Stress Electrocardiography vs Radionuclide Myocardial Perfusion Imaging among Patients Admitted for Chest Pain: Comparison of Teaching and Nonteaching Hospital Services

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Objectives: The American Board of Internal Medicine Foundation’s Choosing Wisely initiative has identified the routine use of stress cardiac imaging among lower-risk patients as an expensive test that should be questioned by both physicians and patients. The objectives of this study were to determine how often patients hospitalized for chest pain are assessed with stress electrocardiography (stress ECG) compared with radionuclide myocardial perfusion imaging (rMPI) and to evaluate whether the cardiac testing guidelines of the American Heart Association and the Choosing Wisely campaign are being followed. We also sought to determine whether there were differences in practice patterns between a teaching and a nonteaching hospital service.

Methods: We conducted a retrospective chart review of 842 consecutive patients admitted with the primary diagnosis of chest pain to a 900-bed university-affiliated teaching hospital in Dayton, Ohio. After exclusions, we analyzed records from 111 teaching service and 94 nonteaching service patients. We assessed whether patients were evaluated with stress ECG or rMPI and compared the teaching service with the nonteaching service.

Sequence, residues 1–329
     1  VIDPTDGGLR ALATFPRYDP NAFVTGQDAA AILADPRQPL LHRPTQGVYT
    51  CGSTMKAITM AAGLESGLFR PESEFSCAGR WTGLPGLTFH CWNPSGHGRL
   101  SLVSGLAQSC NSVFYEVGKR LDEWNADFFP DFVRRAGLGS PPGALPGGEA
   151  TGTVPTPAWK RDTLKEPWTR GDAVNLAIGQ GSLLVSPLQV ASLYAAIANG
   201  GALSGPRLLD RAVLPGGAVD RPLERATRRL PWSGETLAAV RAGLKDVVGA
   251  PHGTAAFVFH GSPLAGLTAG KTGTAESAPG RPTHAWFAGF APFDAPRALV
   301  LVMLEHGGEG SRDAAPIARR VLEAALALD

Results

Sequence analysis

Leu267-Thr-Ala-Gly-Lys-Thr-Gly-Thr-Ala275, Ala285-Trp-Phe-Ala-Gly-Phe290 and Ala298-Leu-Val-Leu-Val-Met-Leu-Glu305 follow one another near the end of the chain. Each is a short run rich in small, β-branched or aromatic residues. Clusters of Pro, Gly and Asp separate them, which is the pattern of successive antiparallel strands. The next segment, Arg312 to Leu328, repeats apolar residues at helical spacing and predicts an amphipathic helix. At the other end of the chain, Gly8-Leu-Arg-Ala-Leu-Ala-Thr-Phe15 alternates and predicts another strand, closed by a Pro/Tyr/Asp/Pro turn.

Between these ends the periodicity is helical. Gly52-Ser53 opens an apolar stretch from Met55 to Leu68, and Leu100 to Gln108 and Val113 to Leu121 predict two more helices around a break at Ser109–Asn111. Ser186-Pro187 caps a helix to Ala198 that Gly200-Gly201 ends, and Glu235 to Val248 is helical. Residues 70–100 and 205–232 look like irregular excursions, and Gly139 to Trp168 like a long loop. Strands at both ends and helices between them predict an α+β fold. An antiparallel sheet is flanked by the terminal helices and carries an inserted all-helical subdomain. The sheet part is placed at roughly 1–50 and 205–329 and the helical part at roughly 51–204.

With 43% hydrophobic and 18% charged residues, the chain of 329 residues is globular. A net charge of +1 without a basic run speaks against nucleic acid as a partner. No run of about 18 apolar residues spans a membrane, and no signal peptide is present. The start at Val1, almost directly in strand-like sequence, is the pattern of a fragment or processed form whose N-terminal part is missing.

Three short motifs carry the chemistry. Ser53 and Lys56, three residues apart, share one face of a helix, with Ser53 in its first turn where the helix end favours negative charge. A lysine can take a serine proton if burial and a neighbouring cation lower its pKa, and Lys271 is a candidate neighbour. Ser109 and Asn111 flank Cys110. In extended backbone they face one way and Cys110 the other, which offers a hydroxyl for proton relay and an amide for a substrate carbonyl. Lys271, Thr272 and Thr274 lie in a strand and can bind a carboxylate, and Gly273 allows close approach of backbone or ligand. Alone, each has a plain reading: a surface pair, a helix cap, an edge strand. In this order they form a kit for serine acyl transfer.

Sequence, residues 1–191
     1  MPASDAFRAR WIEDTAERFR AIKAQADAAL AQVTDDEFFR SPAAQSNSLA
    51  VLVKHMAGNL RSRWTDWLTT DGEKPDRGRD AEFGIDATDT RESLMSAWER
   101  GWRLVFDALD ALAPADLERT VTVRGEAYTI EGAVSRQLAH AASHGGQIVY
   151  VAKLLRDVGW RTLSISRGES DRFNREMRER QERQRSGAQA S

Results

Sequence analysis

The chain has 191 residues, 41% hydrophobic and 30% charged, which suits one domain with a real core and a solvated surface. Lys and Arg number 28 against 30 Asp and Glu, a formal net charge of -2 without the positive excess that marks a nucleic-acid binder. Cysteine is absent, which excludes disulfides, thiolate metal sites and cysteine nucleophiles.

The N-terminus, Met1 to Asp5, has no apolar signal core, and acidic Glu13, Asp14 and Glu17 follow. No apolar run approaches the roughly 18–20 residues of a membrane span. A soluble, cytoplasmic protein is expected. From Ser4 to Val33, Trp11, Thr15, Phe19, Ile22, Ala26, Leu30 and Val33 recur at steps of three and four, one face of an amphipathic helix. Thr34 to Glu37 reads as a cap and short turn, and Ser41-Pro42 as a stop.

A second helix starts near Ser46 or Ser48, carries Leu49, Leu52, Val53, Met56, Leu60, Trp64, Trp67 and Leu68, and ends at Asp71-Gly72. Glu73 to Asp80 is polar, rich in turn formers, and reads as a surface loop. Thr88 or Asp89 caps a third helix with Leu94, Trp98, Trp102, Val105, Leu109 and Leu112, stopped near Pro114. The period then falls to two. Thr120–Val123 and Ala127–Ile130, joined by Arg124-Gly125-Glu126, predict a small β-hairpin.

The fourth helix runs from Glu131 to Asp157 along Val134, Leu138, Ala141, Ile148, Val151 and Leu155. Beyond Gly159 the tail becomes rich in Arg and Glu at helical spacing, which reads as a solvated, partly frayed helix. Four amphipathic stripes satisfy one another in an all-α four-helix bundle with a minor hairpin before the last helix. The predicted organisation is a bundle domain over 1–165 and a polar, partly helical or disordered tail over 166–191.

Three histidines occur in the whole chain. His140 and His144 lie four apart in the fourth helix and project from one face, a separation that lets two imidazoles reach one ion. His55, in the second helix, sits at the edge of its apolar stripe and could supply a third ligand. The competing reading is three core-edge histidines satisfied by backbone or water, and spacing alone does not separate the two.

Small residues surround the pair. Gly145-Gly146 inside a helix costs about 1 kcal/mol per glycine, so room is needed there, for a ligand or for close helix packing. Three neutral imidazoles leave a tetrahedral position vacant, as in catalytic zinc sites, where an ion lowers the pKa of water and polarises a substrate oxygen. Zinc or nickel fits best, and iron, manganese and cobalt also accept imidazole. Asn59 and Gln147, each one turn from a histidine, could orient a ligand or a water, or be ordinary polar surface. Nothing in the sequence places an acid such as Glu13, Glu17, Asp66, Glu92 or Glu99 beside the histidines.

Results: The nonteaching service obtained rMPI more often than the teaching service (94% vs 51%, P < 0.001) and stress ECG less frequently than the teaching service (1% vs 12%, P < 0.003). Both groups may have overused rMPI, choosing it over the less costly alternative of stress ECG testing 71% of the time.

Conclusions: Adherence to the Choosing Wisely recommendations for the appropriate use of stress ECG is suboptimal among both teaching and nonteaching physicians. Choosing stress ECG, when appropriate, could translate into substantial cost savings and reduce potentially harmful radiation exposure.



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